Deferred Action for Childhood Arrival Archives - Colorado Politics
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Joey BunchJoey BunchFebruary 16, 20187min413
The head of Denver police union, Detective Nick Rogers, testified to Congress Thursday about law enforcement issues in a so-called sanctuary city of undocumented immigrants. He was one of a handful of Coloradans in the ring Thursday speaking about the contentious immigration issue, intensified by the Colorado’s purple, swing-state political status. Rep. Ken Buck, R-Windsor, […]

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Dan NjegomirDan NjegomirFebruary 15, 20183min6040
Colorado U.S. Sens. Michael Bennet, left, and Cory Gardner channel their inner Canadian in the Russell Senate Office Building in Washington. (Office of Sen. Michael Bennet via YouTube)

Judging by a video posted to YouTube this week by the press staff of Colorado’s Democratic U.S. Sen. Michael Bennet, you’d think he and his Colorado counterpart, Republican U.S. Sen. Cory Gardner, just can’t get enough of each other. And it’s not only when they collaborate on high-profile, heavyweight issues like the immigration-reform legislation they jointly introduced on Wednesday. Sometimes, it involves lighter fare. Like curling.

Yes, the winter sport that’s beloved everywhere north of the United States. Only, this time, it was played by two pols in a hallway of the Russell Senate Office Building in the nation’s capital.

 

We’ll resist the temptation to crack wise about this centuries-old Scottish pastime (or the latter-day Canadians who embrace it with a passion). We’ll just confess some of us at Hot Sheet are mystified by its appeal — even if it is an Olympic sport — and leave it at that.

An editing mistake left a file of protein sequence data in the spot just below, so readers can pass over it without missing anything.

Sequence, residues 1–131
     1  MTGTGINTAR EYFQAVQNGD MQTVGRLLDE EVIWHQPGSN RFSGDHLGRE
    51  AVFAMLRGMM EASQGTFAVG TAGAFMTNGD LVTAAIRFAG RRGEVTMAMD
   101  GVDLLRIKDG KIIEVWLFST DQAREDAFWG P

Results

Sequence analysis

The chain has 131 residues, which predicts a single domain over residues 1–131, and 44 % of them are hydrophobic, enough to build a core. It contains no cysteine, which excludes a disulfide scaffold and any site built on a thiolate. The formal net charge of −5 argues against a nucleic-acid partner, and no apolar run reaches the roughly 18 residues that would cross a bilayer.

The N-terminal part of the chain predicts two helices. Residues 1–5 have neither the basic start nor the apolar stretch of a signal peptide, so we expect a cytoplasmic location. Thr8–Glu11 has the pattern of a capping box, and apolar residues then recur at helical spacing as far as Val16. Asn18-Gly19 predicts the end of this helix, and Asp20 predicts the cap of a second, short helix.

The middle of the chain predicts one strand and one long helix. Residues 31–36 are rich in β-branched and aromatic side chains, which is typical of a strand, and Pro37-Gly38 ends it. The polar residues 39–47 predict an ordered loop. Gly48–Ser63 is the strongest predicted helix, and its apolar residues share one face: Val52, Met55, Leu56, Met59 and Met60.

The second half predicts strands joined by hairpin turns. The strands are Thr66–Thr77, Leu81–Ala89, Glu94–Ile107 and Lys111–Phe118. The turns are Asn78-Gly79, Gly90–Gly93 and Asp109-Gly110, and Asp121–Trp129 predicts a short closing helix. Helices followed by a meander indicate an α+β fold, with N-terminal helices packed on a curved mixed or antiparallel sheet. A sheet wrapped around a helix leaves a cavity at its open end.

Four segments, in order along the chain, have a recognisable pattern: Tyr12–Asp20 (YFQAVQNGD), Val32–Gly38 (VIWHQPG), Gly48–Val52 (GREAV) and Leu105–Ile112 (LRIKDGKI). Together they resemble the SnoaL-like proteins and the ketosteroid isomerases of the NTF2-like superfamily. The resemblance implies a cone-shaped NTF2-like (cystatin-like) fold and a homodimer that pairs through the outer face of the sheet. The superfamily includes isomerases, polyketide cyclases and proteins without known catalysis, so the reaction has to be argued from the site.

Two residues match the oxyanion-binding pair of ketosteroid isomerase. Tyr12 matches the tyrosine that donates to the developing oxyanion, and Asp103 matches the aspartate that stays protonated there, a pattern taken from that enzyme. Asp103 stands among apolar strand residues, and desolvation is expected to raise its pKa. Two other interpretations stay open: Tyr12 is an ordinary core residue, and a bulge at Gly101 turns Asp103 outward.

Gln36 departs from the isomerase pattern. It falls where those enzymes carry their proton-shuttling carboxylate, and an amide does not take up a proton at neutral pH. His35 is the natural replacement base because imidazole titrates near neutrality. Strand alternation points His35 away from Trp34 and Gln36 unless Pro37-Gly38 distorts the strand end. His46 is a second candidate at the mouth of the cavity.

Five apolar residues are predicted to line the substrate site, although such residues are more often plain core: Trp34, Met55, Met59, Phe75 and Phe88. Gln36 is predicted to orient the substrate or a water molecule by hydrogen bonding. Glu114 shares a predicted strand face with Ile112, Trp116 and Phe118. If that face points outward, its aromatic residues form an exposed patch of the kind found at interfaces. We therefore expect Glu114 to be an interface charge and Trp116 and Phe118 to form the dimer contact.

Instead, let’s note how our two U.S. senators seem to have figured out the antidote to our nation’s acrimonious political climate — and maybe the key to survival in it — is a warm and chummy display of bipartisanship. Certainly, in perennially purple Colorado, where the largest voting bloc is unaffiliated.

The video is a tribute to the ongoing Winter Olympics and the fact that, “Colorado has the most athletes of any state competing in Pyeongchang.” There are plenty of smiles and even a high five between the two officeholders. It all should play well in a swingable bellwether like Jefferson County — even if most of the voters there don’t get curling any more than we do.

 


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Joey BunchJoey BunchDecember 7, 20173min3550

Metropolitan State University of Denver is putting on a roundtable Thursday for Colorado business and community leaders to talk about the economic benefit of immigrants covered by DACA.